This is Ricco. He is an andalusian stallion and just about the sweetest stallion you could ever hope to meet. In fact, unless you looked, you would probably assume when meeting him that he was a gelding. He is that docile and gentle. But don't let that sweet attitude fool you, he can be quite the handful if he wants to be!
Isn't he beautiful? His Poppa is an award winning stud, and Ricco doesn't want you to forget it! While he is very sweet and gentle, he just radiates attitude. "Look at ME!" would be his favorite phrase if he could talk. Probably followed very closely by, "Got any Food?" He is a real Mooch.
The little scamp slipped out of his fenced off area the other day. It is just an area fenced off by hot wire so he can spend his days outside since he has to be turned out alone... (the whole stallion thing!) He slipped under one of the strands of hot wire and went out into the yard to look around and visit with the other horses in the regular pastures... and probably look for food LOL!. I looked up and saw him loose, and quickly walked outside to make sure he wasn't getting into any trouble. A "Hey You!" and a "Come Here, Ricco" was all it took to have him come trotting over to me. I looped my finger in his forelock and led him back to his area and put him back in, tightening up the piece of fence that had stretched out and allowed him to slip out. I swear he looked at me with a "Who Me?" look on his face when I was telling him what a little rascal he was. This is why he gets put back in his stall at night! The picture above was taken under the tree that he likes to hang out under in the afternoon.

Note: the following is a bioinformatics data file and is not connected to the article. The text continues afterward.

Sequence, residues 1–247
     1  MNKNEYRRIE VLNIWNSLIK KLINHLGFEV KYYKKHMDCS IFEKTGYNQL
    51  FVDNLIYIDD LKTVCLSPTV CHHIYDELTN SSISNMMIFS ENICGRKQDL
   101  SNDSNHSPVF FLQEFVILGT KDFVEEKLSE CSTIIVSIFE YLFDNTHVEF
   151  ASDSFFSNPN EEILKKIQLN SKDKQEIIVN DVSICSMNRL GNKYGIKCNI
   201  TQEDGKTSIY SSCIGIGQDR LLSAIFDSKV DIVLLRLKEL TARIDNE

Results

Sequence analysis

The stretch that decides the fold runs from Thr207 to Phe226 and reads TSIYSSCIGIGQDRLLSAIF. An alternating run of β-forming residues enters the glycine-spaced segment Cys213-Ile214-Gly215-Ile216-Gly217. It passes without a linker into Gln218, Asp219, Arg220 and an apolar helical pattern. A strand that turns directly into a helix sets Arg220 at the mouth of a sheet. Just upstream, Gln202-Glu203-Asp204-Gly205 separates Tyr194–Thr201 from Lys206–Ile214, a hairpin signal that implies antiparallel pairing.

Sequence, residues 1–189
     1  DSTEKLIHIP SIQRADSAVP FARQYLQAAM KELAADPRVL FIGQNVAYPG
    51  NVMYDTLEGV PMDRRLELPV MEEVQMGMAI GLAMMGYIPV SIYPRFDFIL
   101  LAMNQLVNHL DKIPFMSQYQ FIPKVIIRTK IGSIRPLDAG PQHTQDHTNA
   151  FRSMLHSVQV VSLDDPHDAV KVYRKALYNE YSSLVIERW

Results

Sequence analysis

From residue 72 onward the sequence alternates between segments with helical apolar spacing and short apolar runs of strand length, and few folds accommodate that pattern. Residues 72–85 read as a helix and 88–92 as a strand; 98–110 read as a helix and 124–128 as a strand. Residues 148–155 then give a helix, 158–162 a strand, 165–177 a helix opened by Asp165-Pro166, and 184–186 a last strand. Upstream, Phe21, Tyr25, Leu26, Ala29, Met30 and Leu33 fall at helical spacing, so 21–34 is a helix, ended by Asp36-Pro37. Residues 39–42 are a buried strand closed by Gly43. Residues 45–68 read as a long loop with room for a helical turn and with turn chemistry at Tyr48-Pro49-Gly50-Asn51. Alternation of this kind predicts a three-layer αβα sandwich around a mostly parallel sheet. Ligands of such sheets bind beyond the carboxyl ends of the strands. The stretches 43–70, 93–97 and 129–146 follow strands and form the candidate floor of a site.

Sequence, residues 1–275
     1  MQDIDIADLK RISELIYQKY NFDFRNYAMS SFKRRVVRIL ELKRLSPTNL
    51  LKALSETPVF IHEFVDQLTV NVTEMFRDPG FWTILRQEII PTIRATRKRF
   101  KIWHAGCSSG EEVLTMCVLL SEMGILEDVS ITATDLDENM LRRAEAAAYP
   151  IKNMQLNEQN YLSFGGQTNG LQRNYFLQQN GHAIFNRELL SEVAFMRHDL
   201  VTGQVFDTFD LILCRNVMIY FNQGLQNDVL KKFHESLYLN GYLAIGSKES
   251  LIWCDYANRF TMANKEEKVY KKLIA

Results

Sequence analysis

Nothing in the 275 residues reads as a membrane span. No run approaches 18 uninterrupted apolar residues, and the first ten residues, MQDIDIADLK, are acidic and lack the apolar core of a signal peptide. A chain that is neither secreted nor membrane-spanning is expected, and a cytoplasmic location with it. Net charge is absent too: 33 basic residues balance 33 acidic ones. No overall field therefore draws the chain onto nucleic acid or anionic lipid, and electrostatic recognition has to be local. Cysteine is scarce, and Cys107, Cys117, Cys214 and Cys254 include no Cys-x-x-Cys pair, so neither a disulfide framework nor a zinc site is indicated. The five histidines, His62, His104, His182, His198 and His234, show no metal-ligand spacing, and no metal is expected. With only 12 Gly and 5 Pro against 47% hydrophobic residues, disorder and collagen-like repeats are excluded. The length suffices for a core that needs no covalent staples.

Andalusians are usually born dark and then gray out (i.e. turn white) as they age. Occasionally you will also see other colors, but gray is the dominant color. Ricco will slowly lose his dapples as he ages, but will probably maintain the black on his legs for many years. The full body shot of him at the bottom of the entry shows what I mean about his legs being darker. That shot was taken in one of the big pastures this last summer.
Here are a couple of links if you are interested in learning more about these beautiful horses. There is one from Wikipedia, another from The International Andalusian and Lusitano Horse Assoc, one from Lipizzaner.com (the Andalusian was a major influence in the beginnings of the Lippizzaner breed), and finally one from the Dept of Animal Sciences at Oklahoma State University.
I hope you enjoyed meeting Ricco as much as I enjoy having him around!